1. Hi Lia, and greetings to you too! I bought this lotion dispenser from Target over a year ago now. I did some digging online and I’ll email you the link to the closest thing I could find. Mine had clear glass and this one is what they call ‘antique’ but the shape and size is the same. I hope you enjoy the recipe, and be sure to let me know if you have anymore questions! 🙂

  11. I was wondering if you have tried using emulsifying wax instead of beeswax for this recipe. I was wondering if that would help with the emulsifying? I have been looking for a pump lotion to try and I am looking forward to trying this one!!

    1. I haven’t tried emulsifying wax, my skin is super sensitive so I stick to beeswax to be on the safe side. The key with emulsifying lotions is to have the liquid at room temperature when you add it to the melted oil/wax mixture. I hope this helps, be sure to let me know how it goes, or if you have anymore questions!

  12. I was so excited to try this lotion. I’ve been looking for the perfect lotion to use in a pump that isn’t overly greasy on my skin. I made it but it’s watery, did I use too much aloe? It’s not watery like like runny, the water is separating from the rest of the lotion. Thoughts?

    1. Whenever the water separates from the oil it’s because it wasn’t properly emulsified. Make sure that you get the beeswax completely melted into the oil before adding the aloe vera, it also helps to have the aloe vera at room temperature. Once you mix them together, then place the pan over an ice water bath and whisk vigorously until it becomes white and creamy, this helps the lotion cool down while remaining emulsified. Also if you have a scale, measure your beeswax to get the most accurate measurement, if there isn’t enough beeswax, lotions can sometimes separate. If you still have the separated batch of lotion, try rewarming it on the stove top over low heat just until melted, and then whisk it again over an ice bath until it’s completely white and creamy. I hope this helps, and be sure to let me know if you have anymore question!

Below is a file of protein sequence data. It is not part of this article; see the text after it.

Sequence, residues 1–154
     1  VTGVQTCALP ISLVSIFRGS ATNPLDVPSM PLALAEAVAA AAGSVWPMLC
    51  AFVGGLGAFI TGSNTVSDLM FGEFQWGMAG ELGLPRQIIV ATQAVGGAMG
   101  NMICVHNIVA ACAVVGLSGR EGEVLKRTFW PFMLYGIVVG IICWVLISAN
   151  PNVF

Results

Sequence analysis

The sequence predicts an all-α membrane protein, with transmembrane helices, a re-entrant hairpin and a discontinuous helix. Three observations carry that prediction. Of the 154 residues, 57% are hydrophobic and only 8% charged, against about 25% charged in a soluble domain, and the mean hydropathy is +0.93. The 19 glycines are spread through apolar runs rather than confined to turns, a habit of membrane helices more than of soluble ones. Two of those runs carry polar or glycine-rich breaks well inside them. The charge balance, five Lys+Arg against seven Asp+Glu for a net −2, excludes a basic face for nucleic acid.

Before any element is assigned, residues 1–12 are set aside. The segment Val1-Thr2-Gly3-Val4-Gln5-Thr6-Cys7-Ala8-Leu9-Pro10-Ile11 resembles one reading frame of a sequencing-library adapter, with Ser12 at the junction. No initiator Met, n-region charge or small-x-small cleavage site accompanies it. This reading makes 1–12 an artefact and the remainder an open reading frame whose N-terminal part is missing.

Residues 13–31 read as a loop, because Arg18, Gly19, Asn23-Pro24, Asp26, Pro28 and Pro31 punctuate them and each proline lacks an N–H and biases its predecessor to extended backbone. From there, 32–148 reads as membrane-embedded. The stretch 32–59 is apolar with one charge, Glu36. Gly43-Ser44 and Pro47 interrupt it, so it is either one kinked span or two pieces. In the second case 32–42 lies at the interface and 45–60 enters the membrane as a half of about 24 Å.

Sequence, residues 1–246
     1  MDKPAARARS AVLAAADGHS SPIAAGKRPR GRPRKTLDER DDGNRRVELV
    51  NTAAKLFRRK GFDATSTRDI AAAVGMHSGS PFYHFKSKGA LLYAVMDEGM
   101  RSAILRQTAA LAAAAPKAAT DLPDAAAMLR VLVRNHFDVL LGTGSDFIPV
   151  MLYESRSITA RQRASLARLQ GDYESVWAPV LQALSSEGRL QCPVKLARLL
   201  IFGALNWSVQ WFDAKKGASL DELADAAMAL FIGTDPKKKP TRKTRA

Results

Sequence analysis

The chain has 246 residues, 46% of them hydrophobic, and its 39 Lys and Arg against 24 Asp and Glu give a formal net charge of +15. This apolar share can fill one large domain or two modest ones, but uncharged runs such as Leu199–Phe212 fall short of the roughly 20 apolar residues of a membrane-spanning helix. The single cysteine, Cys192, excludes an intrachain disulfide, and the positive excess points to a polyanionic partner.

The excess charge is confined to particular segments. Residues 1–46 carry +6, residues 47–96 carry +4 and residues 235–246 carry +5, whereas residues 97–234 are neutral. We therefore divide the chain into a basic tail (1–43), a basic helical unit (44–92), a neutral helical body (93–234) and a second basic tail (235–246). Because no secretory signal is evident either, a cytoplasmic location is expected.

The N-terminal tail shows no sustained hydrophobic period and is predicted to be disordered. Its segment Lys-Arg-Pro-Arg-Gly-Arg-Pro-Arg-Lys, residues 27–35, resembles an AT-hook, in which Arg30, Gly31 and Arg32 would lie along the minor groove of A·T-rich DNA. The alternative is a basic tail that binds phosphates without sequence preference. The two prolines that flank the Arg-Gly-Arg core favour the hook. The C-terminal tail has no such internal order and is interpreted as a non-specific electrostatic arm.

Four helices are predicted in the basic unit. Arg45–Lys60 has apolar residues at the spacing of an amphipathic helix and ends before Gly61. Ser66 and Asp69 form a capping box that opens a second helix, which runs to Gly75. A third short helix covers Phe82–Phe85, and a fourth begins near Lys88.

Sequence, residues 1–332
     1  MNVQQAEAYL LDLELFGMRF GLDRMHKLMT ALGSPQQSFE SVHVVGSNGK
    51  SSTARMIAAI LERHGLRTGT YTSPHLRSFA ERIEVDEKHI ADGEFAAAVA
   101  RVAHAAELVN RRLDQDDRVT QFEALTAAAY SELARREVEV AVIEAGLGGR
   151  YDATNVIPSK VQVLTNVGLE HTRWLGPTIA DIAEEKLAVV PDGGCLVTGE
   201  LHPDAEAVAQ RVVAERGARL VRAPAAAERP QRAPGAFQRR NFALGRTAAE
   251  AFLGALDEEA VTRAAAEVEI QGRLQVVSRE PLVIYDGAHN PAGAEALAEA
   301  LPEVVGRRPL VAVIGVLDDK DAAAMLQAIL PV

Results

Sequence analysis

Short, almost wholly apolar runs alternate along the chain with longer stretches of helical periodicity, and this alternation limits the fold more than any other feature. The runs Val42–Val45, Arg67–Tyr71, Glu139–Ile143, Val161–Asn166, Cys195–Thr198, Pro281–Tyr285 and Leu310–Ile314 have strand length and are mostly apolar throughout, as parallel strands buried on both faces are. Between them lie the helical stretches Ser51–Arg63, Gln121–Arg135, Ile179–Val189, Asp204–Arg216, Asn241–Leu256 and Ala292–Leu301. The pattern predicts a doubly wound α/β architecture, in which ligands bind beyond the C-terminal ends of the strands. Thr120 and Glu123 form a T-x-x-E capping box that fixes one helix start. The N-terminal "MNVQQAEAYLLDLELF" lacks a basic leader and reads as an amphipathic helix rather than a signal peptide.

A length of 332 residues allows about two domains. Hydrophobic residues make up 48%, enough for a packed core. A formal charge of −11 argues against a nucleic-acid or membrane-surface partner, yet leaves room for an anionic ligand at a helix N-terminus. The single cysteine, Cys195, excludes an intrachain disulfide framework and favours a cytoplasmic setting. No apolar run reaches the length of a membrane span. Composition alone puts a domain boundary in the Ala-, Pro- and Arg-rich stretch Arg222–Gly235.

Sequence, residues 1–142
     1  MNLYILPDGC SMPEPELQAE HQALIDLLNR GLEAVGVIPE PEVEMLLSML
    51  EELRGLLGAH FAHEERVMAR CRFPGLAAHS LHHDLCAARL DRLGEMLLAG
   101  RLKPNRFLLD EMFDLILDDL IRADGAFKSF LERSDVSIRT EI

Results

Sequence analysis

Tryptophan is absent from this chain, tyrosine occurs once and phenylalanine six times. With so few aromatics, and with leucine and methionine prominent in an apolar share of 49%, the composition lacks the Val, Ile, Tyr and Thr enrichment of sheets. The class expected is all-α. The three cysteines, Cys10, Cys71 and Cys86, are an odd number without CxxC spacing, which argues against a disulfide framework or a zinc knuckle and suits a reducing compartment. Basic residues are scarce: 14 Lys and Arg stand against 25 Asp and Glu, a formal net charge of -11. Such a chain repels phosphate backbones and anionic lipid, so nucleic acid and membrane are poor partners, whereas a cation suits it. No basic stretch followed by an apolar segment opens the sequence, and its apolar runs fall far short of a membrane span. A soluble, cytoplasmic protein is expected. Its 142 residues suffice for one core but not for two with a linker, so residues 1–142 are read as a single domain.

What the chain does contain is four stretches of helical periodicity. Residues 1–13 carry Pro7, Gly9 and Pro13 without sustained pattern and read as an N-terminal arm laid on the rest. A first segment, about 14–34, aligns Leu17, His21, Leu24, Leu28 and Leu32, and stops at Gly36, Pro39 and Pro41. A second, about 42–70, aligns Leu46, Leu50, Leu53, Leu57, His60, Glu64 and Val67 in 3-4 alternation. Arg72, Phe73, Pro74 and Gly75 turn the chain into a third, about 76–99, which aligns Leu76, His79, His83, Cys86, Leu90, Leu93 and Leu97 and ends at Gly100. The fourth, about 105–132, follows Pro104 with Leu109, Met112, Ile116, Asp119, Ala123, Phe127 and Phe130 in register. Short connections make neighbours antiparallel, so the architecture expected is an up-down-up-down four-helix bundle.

13. Are you using fresh aloe or purchased? I puréed and strained some of the aloe that I grow in my back yard and used it in another DIY recipe, along with witch hazel and vitamin e, thinking that fresh aloe would have to be better than bottled, right? Maybe not! After a few days, it began turning pink-ish, even though it still smelled the same. Today it’s definitely rose colored, and I don’t think I’ll be using it. Any ideas? I did use the whole leaves, gel AND skin, but strained out all the solids. My plants are huge, and I’d love to use them for more than the occasional burn, but this pink stuff has me thinking how glad I am that I made only a half recipe of my solution!

    1. Any kind of pink color is usually not a good sign, it generally means there’s some type of bacteria or mold growing in your product so I would throw it out. I use bottled aloe vera gel from the store because I can’t seem to get the plants to grow where I live. I think all the brands contain some type of preservative which is why it lasts for a month at a time. You might look into using a natural preservative like citric acid if you wanted to use your own homemade aloe gel, or you could try storing your lotion in the refrigerator but that’s kind of a pain. Another way you could use your aloe plant is to squeeze the gel out of the leaves as a simple 1 ingredient facial, that way you’re getting the benefits but you don’t have to worry about it spoiling.